Photographers deal in things which are continually vanishing and when they have vanished there is no contrivance on earth which can make them come back again. ~~Henri Cartier-Bresson
Landscape photography--any photography for that matter encompasses worlds within worlds; art, history and recording moments that will never return. Painting and other mediums record as well but not to the same accuracy of the lens. There is a difference between a painting and a photo of Abraham Lincoln. We, the viewer know the lines in his face are real--the care on his brow...real and not a subjective interpretation. I'm sure that people will argue with this and say that any time one edits the artist is putting their view on the piece. I can't argue with that either. But we know that it happened in that moment in time and no other. Certainly not over days of easel and paint, shifting light or even facial expressions rippled with temporary and subtle moods. We know that this moment 'happened' and was captured forever.
I took this shot on an old farmstead, February, 2013. Pennsylvania winters are brutal one day and then gentle the next. You could get a ton of snow and the next day the sun would come up and mop up all the white, breaking into a blue sky. I was on the back roads of rural Smethport (Gosh, Smethport is like one big back road) which is a simple, quaint little town holding our county seat. Attorneys live there in pristine Victorians. There are only about three restaurants---one favorite is "Court of the Angels". Americana is really something to experience because it flies in the face of what most of the world knows us by--our television shows. Glittery cities, flashy things and the stereotyped "American"--loud, brash and bossy. This is so false in so many ways. Most Americans live in small country houses in little towns where people know each other's name. We are big on giving here--small town charities, funds and drives. If people need something, their neighbors are there with a lending hand. People actually keep their cars and house unlocked in some parts. They obey traffic laws (sort of. :) ) and drive slow. I got up on the highway the other day at 6 am and I was the only one merging! We are in debt not because we are extravagant spenders but because its hard to make ends meet for most folks. Medical bills are probably the biggest culprit for most Americans who either can't afford insurance or don't have it at all. And yet, despite all this--we chose to live and thrive in our small hometowns.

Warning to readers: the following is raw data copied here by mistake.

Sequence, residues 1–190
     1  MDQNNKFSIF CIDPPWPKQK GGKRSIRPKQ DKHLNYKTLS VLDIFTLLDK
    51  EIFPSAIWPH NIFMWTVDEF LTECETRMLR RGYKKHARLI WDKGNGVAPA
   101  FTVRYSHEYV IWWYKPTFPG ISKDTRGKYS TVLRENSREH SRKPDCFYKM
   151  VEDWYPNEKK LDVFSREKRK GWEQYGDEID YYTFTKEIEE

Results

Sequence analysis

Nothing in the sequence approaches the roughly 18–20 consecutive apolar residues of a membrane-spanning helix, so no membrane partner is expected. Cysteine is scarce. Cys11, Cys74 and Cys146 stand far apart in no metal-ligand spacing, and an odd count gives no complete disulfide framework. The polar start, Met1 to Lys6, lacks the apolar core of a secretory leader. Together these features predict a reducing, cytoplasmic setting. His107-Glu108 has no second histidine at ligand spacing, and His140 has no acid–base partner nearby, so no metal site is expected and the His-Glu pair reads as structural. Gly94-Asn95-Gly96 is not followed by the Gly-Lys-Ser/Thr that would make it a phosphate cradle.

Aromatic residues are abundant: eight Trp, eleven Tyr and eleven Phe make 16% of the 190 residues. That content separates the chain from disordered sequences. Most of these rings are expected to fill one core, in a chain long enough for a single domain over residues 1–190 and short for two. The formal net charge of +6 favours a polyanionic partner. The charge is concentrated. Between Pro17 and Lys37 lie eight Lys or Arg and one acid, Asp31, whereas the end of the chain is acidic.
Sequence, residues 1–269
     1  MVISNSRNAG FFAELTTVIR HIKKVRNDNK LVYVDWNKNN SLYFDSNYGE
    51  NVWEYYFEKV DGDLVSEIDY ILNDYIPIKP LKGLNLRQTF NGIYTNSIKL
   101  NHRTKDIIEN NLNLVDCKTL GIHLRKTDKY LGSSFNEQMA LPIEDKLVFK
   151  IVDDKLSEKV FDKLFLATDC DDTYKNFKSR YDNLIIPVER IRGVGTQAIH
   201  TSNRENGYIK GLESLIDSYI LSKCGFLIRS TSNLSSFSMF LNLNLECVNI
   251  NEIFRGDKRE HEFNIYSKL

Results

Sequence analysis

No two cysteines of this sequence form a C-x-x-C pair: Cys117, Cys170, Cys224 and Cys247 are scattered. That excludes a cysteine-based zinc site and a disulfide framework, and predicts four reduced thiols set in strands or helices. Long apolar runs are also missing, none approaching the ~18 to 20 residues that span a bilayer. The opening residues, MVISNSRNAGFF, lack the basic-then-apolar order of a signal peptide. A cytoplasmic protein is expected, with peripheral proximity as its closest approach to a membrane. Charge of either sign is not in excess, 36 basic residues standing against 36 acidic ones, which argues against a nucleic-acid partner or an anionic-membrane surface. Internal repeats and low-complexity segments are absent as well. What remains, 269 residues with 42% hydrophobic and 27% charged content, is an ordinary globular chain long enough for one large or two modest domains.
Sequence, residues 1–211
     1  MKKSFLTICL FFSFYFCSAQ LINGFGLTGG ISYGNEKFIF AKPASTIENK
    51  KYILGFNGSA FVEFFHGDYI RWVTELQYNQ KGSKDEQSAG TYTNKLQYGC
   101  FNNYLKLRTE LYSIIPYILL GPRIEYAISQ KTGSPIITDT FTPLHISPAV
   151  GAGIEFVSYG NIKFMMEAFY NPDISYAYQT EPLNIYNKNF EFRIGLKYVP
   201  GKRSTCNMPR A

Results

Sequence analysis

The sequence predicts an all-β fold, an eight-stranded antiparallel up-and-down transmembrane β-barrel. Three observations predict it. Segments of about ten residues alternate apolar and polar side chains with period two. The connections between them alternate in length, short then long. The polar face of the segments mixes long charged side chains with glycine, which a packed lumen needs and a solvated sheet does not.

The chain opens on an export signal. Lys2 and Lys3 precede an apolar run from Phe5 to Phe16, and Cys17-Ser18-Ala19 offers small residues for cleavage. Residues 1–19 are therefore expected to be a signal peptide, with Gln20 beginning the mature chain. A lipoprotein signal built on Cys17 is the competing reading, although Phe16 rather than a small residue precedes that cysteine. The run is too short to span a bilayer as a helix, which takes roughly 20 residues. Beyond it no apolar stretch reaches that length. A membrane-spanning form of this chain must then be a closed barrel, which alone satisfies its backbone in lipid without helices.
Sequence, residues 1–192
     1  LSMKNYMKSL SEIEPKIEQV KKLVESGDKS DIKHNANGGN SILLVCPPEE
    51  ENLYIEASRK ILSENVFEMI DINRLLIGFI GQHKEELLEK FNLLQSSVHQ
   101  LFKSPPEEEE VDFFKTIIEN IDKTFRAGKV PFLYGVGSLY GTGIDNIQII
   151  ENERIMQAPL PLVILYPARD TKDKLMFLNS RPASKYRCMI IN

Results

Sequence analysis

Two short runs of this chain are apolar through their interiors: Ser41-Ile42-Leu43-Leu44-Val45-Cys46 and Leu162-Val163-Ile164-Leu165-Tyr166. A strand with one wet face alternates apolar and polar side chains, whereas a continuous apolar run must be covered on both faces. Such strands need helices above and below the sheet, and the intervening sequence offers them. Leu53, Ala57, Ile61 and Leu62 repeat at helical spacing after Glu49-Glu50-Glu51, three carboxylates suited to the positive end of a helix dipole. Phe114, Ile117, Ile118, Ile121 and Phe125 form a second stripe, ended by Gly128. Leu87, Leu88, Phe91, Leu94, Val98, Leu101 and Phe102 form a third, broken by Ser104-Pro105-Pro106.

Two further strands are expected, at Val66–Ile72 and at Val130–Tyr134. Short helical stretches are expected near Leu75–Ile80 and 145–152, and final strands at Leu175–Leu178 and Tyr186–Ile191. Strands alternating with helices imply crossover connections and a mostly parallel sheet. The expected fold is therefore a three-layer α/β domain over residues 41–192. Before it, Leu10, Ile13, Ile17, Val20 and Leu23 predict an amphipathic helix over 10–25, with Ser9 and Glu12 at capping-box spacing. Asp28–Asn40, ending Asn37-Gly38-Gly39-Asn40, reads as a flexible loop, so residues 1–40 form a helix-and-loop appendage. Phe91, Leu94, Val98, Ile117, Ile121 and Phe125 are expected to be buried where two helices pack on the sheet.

I think I've gotten off my original subject, don't you? Back to photography! I was traipsing around the back-roads to Smethport with my dear friend and local photographer Les. We were still learning about each other and there is no better way to learn about someone than to take them on a photo expedition. Les was very cool. We kept seeing the same things. With joy we kept wanting to stop at the same moments and connected deeply because of this experience. I thought this one shot summed up our day. It was if we had traveled back in time together and were standing on any old farmstead in the early 1900's instead of the 2000's. And honestly, in that moment maybe we were.